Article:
In hardware, the NBL5100 packs a punch. You'll find a lot in this machine. It measures 14.7 by 9.9 by 1.7 inches and weighs only 6.1 pounds--that's a lot of weight, but relatively light for the desktop replacement class. It feels a lot lighter than it looks. Inside it has an Intel Core i7-640M CPU running at 2.8GHz, 4GB of RAM, and Nvidia's technology, so you have both Intel's default HD graphics system and the more-powerful GeForce GT 330M discrete video processor. Putting a damper on the whole thing, however, is Micro Express's pointlessly cheap decision to ship the laptop with 32-bit Windows 7. That means only 2.3GB of the RAM is usable; the OS strictly limits the machine in the future, too. This is the single worst element about the NBL5100. Micro Express tells us, though, that a 64-bit upgrade is available.
The 15.6-inch screen offers full 1080p resolution, 1920 by 1080 pixels. Vertical viewing angles aren't great, but horizontal viewing angles are fantastic. Colors don't really pop as much as I'd like. The real draw here is the screen size and resolution, framed nicely by a clean black plastic bezel. Thanks to Nvidia's Optimus technology, you won't have to worry about your graphics card's chewing up the battery when you're just chugging through work, yet you can still play around with some computing muscle. On our 6 tests, its score was a quite respectable 118; the battery life of 2 hours, 36 seconds, while short, is typical for the category.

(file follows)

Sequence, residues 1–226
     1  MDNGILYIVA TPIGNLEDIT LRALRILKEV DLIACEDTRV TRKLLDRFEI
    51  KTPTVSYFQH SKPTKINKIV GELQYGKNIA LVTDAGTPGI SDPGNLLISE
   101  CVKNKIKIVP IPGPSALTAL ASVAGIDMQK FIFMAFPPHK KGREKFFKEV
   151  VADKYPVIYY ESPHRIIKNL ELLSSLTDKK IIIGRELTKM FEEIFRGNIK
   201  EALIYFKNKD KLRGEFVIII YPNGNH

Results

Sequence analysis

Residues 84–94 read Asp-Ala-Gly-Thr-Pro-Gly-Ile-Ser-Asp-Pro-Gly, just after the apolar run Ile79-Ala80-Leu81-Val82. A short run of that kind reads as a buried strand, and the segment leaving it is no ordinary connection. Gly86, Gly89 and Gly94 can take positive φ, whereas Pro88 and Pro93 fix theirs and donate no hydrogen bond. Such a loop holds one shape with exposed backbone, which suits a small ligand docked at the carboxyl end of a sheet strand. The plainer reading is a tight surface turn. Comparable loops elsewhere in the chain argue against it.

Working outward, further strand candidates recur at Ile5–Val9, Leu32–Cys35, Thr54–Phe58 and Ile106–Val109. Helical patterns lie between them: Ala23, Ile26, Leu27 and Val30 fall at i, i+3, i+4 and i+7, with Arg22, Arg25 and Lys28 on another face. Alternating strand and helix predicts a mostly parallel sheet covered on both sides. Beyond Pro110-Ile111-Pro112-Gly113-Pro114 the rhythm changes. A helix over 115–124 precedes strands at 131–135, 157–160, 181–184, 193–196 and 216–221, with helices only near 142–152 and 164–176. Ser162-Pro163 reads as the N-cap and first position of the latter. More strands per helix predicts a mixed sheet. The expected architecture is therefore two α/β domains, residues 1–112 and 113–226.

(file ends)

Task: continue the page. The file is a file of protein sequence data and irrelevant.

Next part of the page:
The audio isn't nearly as easy to praise. The NBL5100's sound is too quiet, and utterly unsatisfying. Headphones are a must, although the headphone jacks are at least unintrusive.
The structure of the laptop is solid, black, and clean. I really like its look and feel, but it isn't for everyone. It's black on the exterior, black on the interior, and matte throughout, offering a plain black bezel with the 1.3-megapixel Webcam up top, plus Chiclet keys laid out in--you guessed it--matte-black plastic. A few function keys sit just above the keyboard, with a noteworthy item being the VGA button. This button lets you turn off the discrete video card and Optimus altogether, to ensure that you can eke out every bit of power possible.
The keypad is very springy, requiring a decent amount of force to depress a key, with a nice response after that. The layout is very natural, with a number keypad of about two-thirds size set painlessly on the right. The biggest issue I have with the arrangement is that the arrow keys are positioned between the number keypad and the regular keyboard, making it difficult to reach the arrow keys while touch typing. It also feels not so sturdy, and I worry that Micro Express may have cut a corner here just as with the 32-bit OS.